Playing upon the Dalai Lama’s political naiveté and his desperation to resolve the Tibet issue, China acted to insure that the Tibetan position lost its legitimacy by patiently and shrewdly insisting that he be more and more vocal about accepting Tibet as a part of China. What ensued over the 1990s and into the present decade was clever and effective statecraft. With every pronouncement from the Dalai Lama articulating his opposition to an independent Tibet China countered that he was insincere and actually seeking disguised independence. It demanded louder and repeated declarations from the Dalai Lama that indeed he wasn’t pursuing such a path. And he obliged, reiterating to presidents and prime ministers that he wanted only autonomy, not independence, all the while explaining to the international press that China’s insistence on his repeated affirmations was the result of the Chinese leadership’s lack of understanding of his position. On the face of it this is laughable. With thousands of people in China’s nationality affairs commission and ministry of foreign affairs one can be certain that China parses every word of his: China knows what the meaning of the word “is” is when it comes to the Dalai Lama. The lack of understanding comes from his side, where he presides over an exile bureaucracy with no equivalent resources or expertise in Chinese politics. And they have let the Chinese foreign policy establishment run rings around them.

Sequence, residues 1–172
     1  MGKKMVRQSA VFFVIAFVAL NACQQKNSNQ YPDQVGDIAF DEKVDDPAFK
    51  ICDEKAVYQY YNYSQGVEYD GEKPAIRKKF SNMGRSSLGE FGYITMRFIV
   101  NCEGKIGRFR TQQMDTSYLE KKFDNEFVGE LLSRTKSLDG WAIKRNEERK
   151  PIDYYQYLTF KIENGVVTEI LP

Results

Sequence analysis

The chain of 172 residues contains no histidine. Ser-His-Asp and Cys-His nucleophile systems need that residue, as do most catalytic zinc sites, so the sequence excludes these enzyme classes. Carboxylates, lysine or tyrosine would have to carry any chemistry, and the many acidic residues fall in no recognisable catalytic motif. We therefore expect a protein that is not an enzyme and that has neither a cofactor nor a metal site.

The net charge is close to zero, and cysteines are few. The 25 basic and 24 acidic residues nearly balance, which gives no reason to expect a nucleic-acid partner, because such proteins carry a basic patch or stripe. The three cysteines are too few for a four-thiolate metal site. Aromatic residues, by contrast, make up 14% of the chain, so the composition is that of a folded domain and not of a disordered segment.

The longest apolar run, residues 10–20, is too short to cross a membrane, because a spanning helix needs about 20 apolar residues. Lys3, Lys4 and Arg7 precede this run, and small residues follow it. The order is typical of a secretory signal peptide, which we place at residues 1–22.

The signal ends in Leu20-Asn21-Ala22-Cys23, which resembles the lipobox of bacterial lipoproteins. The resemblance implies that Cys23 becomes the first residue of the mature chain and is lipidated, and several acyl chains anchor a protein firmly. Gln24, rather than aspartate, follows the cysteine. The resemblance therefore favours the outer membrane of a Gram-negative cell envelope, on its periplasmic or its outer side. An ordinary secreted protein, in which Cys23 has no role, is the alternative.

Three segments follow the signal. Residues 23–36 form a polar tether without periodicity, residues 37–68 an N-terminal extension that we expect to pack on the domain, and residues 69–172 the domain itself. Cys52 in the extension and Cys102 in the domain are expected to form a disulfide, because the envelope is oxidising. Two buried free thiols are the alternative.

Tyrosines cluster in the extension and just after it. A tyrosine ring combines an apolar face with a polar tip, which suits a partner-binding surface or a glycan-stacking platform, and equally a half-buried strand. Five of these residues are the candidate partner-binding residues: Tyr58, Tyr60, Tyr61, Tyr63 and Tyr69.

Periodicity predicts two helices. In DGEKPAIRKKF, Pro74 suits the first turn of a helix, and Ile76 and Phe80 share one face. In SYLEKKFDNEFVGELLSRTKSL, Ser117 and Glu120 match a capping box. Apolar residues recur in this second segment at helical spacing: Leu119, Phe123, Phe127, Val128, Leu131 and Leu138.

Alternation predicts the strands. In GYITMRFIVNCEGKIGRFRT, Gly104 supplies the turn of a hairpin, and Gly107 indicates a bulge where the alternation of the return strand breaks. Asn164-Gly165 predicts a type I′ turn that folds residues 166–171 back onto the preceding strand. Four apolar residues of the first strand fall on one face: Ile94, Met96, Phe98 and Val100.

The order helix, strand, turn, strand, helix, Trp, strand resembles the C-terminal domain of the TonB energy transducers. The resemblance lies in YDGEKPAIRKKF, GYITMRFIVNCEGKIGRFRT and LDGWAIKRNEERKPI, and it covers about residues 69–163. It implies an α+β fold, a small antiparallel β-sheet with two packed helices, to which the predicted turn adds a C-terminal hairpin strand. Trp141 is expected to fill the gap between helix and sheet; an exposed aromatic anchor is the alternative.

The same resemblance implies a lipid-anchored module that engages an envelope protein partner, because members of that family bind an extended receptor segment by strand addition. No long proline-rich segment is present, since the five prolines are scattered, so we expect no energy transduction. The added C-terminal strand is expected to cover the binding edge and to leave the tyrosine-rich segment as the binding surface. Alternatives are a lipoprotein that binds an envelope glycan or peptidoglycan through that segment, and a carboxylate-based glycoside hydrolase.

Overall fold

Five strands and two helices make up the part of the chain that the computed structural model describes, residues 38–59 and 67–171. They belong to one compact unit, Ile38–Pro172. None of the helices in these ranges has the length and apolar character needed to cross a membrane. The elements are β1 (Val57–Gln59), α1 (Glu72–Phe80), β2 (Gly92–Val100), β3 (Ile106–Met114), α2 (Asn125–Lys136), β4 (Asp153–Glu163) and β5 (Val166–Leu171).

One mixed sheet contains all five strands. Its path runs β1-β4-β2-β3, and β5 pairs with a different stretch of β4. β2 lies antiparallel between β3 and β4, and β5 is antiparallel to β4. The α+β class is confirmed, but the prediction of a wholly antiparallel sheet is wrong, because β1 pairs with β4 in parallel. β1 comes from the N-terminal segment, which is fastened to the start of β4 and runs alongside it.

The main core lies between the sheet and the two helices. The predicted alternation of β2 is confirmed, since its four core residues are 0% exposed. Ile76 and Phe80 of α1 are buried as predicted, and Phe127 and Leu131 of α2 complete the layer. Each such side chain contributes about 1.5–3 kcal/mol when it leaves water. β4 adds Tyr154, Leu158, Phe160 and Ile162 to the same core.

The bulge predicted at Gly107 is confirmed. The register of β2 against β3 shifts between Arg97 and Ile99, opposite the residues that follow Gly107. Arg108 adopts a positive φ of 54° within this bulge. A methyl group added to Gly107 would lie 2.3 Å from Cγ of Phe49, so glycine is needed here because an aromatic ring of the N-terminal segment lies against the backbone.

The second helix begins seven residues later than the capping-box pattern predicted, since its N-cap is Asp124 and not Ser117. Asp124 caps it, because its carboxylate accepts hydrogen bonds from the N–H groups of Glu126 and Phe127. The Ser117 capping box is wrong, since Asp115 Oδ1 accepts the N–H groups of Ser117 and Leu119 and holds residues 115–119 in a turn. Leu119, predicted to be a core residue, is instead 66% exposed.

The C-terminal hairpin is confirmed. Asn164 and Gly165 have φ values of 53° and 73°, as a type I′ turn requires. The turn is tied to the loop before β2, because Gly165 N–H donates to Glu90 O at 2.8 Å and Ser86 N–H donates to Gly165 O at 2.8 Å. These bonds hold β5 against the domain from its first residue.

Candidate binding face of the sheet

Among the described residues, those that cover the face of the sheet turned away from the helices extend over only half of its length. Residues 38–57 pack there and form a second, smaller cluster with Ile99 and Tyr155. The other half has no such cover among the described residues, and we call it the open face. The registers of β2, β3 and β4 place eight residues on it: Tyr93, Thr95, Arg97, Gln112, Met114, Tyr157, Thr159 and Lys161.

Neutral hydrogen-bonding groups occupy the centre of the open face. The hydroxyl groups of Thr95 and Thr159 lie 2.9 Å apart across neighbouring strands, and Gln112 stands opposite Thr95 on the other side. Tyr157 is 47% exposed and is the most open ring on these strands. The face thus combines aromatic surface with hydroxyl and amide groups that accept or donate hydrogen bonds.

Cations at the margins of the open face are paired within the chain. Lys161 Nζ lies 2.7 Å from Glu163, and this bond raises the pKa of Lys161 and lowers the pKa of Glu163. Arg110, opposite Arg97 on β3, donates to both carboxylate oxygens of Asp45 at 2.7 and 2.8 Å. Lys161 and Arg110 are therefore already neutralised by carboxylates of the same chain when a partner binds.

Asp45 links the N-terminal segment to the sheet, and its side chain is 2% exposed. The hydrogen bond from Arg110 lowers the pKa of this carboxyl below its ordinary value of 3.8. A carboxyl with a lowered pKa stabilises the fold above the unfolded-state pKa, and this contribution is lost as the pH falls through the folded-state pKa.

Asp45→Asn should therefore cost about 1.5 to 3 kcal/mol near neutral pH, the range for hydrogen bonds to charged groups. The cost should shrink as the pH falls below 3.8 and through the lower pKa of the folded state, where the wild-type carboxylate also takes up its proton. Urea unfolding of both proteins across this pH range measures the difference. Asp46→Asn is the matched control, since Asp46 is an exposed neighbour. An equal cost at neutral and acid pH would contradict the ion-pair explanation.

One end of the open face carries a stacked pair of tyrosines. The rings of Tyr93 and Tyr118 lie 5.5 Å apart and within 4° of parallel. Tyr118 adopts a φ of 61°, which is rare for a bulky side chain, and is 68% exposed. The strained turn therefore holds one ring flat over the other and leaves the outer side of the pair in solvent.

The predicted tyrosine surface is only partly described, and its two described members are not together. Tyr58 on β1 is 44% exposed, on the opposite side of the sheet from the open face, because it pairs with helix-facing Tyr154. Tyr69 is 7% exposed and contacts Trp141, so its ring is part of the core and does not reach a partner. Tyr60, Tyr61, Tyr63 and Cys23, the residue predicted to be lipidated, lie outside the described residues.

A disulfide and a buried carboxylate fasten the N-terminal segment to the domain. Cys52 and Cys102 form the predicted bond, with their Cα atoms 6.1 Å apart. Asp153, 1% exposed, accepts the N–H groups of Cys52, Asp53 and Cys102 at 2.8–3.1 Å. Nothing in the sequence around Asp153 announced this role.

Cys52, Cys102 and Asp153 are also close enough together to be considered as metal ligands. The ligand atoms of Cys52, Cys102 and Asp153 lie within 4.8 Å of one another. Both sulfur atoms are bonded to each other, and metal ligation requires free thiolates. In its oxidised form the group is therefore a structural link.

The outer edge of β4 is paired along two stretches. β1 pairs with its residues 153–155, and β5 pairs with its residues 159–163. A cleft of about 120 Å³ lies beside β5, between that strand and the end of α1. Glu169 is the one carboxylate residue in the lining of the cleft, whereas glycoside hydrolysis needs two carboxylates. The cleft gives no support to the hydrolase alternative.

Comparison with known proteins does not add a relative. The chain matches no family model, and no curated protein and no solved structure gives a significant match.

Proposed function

Having taken the major step of ceding Tibet’s independence (and in 1997 going so far as to describe independence for Tibet as “a disaster”), the Dalai Lama is in a difficult position. He and his circle have imposed their idea of a Tibet within China on the larger Tibetan exile community by dint of his place as a religious leader possessed of transcendent wisdom. In the face of dissenting exile intellectuals and activists who for years have pointed out the total ineffectiveness of this policy, the Dalai Lama’s political establishment has had no choice but to buttress itself with the Tibetan leader’s esoteric religious authority. Admitting that the dissenters have had better insight into the state of affairs than the Dalai Lama is something his political circle (and he himself) cannot do. They have become effectively wedded to the position that Tibet’s proper place is in China, a position they have held for more than three decades. The Dalai Lama is trapped and China, having played its hand exceedingly well and gotten what it wanted, understands that the game is effectively over. As if to underscore this state of affairs, with no reciprocity from China on the horizon the Dalai Lama has further scaled back his position: he now seeks only cultural rights relating to religion and language and calls upon Tibetan exiles to refrain from demonstrations and other activities that would embarrass the Chinese government or people. But China neither needs nor wants the Dalai Lama back within its borders, as any settlement with him would entail. His presence in Tibet would be volatile and any agreement reached with him now, when he’s at an advanced age, could only be temporary.